The Ministry of Energy has included hydroelectric in its renewable energy mix, and the generous rates and peaking bonuses have encouraged a rash of new hydro facilities to be proposed, as well as upgrades and changes to operating strategies that allow facilities to hold water back from downstream flow in order to produce power during peak demand hours. Many power producers arbitrarily adjust their operating strategy by using seasonal operating bands to peak on a daily basis – without first conducting an environmental assessment to determine the potential impacts, or the sustainability of the operation.
Given your past interest in one or more of our projects we wish to advise that Xeneca Power Development is proceeding through a restructuring process brought about by significantly extended development timelines, increased regulatory requirements and exposure to rapidly escalating environmental, permitting, development and civil costs. Due to the above noted delays and costs that were not contemplated in Feed-in-Tariff (FIT) pricing and contract timelines, project economic viability has, in some cases, been driven into a negative position, and, as such, it is expected that some FIT contracts will be cancelled in order that those projects can be bid into Ontario’s upcoming Large Renewable Procurement (LRP) program.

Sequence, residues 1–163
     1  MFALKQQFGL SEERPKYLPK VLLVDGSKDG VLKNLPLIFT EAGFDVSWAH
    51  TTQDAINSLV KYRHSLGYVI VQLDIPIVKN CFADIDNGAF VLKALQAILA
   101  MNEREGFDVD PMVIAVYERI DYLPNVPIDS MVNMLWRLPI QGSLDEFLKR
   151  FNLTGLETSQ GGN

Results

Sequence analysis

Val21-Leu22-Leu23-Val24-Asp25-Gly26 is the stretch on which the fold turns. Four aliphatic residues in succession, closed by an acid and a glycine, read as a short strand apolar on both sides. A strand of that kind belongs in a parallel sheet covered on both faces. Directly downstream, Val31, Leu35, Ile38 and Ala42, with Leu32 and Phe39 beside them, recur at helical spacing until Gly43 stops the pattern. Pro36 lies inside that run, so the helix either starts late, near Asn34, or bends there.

ORA’s ongoing work towards improving government policy as it relates to healthy rivers:
Priority to Provincial/Public/Municipal Corporations
ORA is requesting that priority and preference be provided to Ontario Power Generation (OPG), and other public and municipal utilities, coops, and First Nation communities, over private corporations.
OPG is a wholly owned subsidiary of the Province of Ontario, and any surplus profits would go back into the provincial purse; whereas private corporations are primarily interested in maximizing profits, which is inevitably at the expense of public health and safety, biodiversity, and the environment. Public interests must take priority over private interests when approving all LRP proposals, and would provide the best value for Ontario ratepayers, while avoiding the privatization of Crown assets.
ORA would like to commend the Ontario Power Authority (OPA) on the extra efforts made to have an open, transparent and collaborative approach to involving the public in the development of the New Large Renewable Procurement Process. OPA staff have always been helpful, responsive and inclusive throughout the consultation process. Continue reading
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